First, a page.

Now, if you've read this far, and if you also read my postcard of three weeks ago, you'll probably note that my descriptions of the GenCon Castle Marrach gathering lay somewhat nearer to what I saw at WorldCon last weekend than what I saw at the rest of GenCon near the start of August.
In creating online games, we are creating games with a much higher level of interactivity among fans than traditional tabletop games. In order to support that interactivity we, as producers of games, need to be able to offer a more equal level of parity.
Hang out with your players and let their creativity influence your own.
The Problem of Conservatism
At times I felt a little bit uncomfortable at WorldCon. That was mostly me. I've been attending gaming conventions for something like a decade, and thus I'm used to how they work. On the other hand, this was only the second SF fandom convention I'd attended in that time period, and I remember being a bit uncomfortable at the first one too.
Still, it was fun, and there was only one thing that truly bugged me. A very scant few of the authors and publishers I talked to put their nose up at the idea of computer games. Like it was beneath them.
I've been playing with fiction for about five years now. I've written twenty or thirty stories and gotten one published. I've also worked in game design for ten years and computer game design for three. And in those fields I've had a number of tabletop RPG supplements published and contributed to the design of numerous games.
And, you know what? They're both very hard and they both take a tremendous amount of creativity and they both take a ton of work. If I do have a bias between the two (and I actually do), I know that it's purely visceral.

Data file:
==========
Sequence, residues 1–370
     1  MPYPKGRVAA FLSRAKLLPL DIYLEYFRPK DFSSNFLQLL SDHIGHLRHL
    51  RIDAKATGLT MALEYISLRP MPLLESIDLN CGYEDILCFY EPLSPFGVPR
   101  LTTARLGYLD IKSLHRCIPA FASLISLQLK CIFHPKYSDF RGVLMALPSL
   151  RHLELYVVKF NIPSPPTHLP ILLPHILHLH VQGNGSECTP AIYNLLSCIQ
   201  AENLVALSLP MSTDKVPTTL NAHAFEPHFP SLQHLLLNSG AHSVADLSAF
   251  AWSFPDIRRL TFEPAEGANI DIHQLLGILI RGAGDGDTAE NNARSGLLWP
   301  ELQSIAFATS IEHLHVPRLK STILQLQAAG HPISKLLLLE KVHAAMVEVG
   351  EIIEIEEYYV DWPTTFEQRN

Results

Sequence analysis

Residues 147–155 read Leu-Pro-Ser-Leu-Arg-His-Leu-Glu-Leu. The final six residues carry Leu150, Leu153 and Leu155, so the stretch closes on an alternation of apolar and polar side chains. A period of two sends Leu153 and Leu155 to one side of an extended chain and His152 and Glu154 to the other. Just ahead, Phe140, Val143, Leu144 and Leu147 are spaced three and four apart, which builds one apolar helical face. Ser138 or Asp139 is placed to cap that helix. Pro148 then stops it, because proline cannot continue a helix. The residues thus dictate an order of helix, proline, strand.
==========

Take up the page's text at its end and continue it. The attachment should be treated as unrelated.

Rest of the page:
That authors that I respect aren't able to see that is... frustrating.
Turning this around to us and our field:
Don't fall into the trap of thinking the category you design for is better than others.
We have plenty of petty little wars even within our field. MUDs versus MUSHes. Graphical games versus text. Fantasy versus science fiction. RPG versus strategy.
It's really easy to fall into the mindset of us versus them when you can't see both sides. So, next time you do fall into that trap, think about two categories of things you do like, and how silly inter-bickerings between those categories seems. That's what your mindset looks like to other people.
I grit my teeth a little bit here at Skotos when I see the TEC versus Marrach flamewars. Just like I gritted my teeth when I heard those scant few SF folks speak condescendingly of computer games (and, let me underline one last time: scant few; most of the folks were great and open minded as you would have expected from a future-looking community of writers).
I grit my teeth at those things, but I also hope that here at Skotos we might be building a consensus of understanding for the future. Because we have games that fit the molds for both MUD and MUSH. RPG and strategy. Fantasy and science-fiction. Text and... well, let's wait and see on the graphical side of things.
We offer all those categories, and hopefully we offer understanding too.
I had a good time at WorldCon. I think we might have made some contacts that will prove very useful for Skotos and at the same time I got newly enthused about my own fiction writing which I'd largely neglected for the last year and a half.
Nonetheless I'm very happy to be home with no more cons on the horizon till next year. Now, it's just back to work and the normal tiring routing of trying to make Skotos successful.
Don't forget to kiss the cats, feed the garbage, and take out the kids.